Curbing Ticket Bots

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GAO describes potential solutions to limit the use of automated software in the ticket marketplace.

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Cardi B and Offset may have stolen the stage at the Rolling Loud Festival in December, but the issues in the entertainment industry extend far beyond artists’ relationship problems. For consumers, problems arise from ticket bots.

Concerts, sporting games, and other events bring joy to those who attend. But many people will miss out on these experiences due to brokers who purchase large quantities of tickets through bots to resell at a considerable markup.

In a recent report, the U.S. Government Accountability Office (GAO), the government oversight arm of Congress, describes the problems created by the use of ticket bots and suggests solutions. Specifically, GAO urges policymakers to consider a variety of legal and marketing strategies, including the use of nontransferable tickets, price caps on resold tickets, delivery delays, and verified fan programs.

Ticket brokers frequently use computer software — also known as “bots” — to purchase large quantities of tickets from the original seller. By reselling these tickets on the secondary ticket market, brokers can make large profits. In fact, the average profit for brokers is 49 percent. Because bots buy up the stock of tickets before consumers can access them, consumers must resort to purchasing expensive tickets at a mark-up on the resale market.

Although the Better Online Ticket Sales Act — enacted in 2016 — prohibits the use of bots, the Federal Trade Commission has not enforced the legislation and ticket bots still crowd the market.

In a report, GAO considers steps that could be taken to combat the power of bots. The report notes, for example, that nontransferable tickets — “tickets whose terms do not allow resale” — may inhibit brokers from using bots to resell tickets at a bloated price. Instead of paying a higher price on the secondary market, consumers would pay face value.

At the same time, however, consumers are caught in the crossfire. Along with brokers, consumers would not be allowed to resell their own tickets and recoup money for tickets they may no longer be able to use. Already, at least three states — Connecticut, New York, and Virginia — have restricted the use of nontransferable tickets. Furthermore, nontransferable tickets require consumers to present identification at the venue, which may be inconvenient. Still, “these obstacles can be overcome,” notes GAO. The government watchdog urges consideration of “mechanisms allowing buyers to transfer tickets upon request, and by using processes to speed venue entry (such as automated kiosks).”

GAO also says that caps on the resale value of tickets could curb the use of bots. Some states have enacted laws that limit the resale price of tickets. For example, in Massachusetts, tickets cannot be resold for more than two dollars above the face value. GAO notes that, unlike nontransferable tickets, price caps can limit the use of bots by reducing broker profits while still permitting regular consumers to resell tickets they cannot use.

Despite the appeal of price caps, some states have actually repealed their price cap laws. Several studies note that states find these laws difficult to enforce and that resellers do not comply with them. Other critics argue these restrictions only force tickets to be resold underground. Without the protections legitimate secondary market exchanges offer, consumers still suffer.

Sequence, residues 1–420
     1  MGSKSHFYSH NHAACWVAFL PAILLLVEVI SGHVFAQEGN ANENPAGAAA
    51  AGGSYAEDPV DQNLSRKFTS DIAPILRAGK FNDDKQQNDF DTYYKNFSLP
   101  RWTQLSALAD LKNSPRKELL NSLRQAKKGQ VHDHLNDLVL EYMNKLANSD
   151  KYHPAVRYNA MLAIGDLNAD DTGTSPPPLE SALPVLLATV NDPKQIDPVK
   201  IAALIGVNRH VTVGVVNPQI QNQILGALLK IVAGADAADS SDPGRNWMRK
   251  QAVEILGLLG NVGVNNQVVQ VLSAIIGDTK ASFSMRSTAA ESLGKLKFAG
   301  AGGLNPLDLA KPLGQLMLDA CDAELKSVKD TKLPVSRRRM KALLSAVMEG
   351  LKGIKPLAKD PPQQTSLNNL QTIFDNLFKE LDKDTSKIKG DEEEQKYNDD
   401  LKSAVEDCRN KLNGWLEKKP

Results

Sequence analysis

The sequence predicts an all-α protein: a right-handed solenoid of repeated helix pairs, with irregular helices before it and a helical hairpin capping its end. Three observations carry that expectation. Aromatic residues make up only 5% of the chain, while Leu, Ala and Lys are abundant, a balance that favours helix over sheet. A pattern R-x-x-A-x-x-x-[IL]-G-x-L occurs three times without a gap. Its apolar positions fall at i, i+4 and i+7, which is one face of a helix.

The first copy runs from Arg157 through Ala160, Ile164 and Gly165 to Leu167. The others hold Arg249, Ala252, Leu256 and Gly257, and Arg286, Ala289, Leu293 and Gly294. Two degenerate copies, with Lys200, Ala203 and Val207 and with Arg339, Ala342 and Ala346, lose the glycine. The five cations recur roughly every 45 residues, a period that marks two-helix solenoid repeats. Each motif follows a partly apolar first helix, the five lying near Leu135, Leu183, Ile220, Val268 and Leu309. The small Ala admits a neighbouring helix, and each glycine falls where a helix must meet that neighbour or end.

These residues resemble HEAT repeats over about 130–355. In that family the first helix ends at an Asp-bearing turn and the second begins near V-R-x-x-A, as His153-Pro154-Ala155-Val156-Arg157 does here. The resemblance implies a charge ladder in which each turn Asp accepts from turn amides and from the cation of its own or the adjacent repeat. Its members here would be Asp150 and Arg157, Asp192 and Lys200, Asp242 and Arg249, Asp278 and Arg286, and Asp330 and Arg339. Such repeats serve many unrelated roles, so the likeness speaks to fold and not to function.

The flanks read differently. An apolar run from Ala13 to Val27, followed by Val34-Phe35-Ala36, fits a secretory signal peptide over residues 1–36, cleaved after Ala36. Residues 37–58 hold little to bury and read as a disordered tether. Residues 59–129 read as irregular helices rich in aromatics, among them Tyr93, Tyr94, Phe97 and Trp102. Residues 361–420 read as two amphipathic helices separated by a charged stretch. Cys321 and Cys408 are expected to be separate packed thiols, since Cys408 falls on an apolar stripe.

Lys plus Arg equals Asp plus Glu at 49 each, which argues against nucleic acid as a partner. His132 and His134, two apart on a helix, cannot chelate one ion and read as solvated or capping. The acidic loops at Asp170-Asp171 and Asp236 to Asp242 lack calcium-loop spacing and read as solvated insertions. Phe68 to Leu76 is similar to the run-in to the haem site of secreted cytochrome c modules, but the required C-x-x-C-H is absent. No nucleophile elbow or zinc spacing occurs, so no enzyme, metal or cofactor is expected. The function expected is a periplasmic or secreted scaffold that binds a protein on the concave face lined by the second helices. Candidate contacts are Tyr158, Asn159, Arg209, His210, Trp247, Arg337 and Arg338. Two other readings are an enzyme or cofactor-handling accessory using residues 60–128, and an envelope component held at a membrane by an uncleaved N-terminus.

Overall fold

GAO also examines several market-based approaches. Delivery delays prevent buyers from accessing tickets until closer to the day of the event. “Delivery delays can inhibit resale activity because they give brokers less time to buy and resell tickets, and allow primary ticket sellers to review whether brokers and bots made bulk purchases,” GAO reports. Some critics, however, contend that receiving tickets so close to the event can be “inconvenient and stressful” for fans.

In addition to delivery delays, GAO indicates that a “verified fan” program would make it easier for more consumers and less brokers to purchase tickets. Ticketmaster, the largest primary ticket seller, operates a verified fan program that allows fans to register in advance of a presale. Through the use of an algorithm, the platform determines whether the registrant is a real person or a bot. Verified fans can then purchase from a limited pot of tickets made available before the general public sale.

Critics argue that verified fan programs present other problems. Because not every verified fan can buy a ticket, consumers may still have to purchase an overpriced ticket from the secondary market. More notably, some performers offer “boosts” that allow fans to improve their position in the virtual presale queue. For some performers, like Taylor Swift, fans must purchase merchandise or spend their time watching music videos.

Still, Ticketmaster says that the verified program is effective at limiting the number of tickets resold on the secondary market — only about 5 percent of tickets bought through the verified program are resold, compared to an estimated 30 percent to 50 percent purchased from general sale.

GAO does not say which solution would be preferable, but notes that consumer dissatisfaction with ticket sales results from the fact that “demand for tickets to highly popular events exceeds supply.” Short of expanding supply, no activity will solve this problem, GAO reports.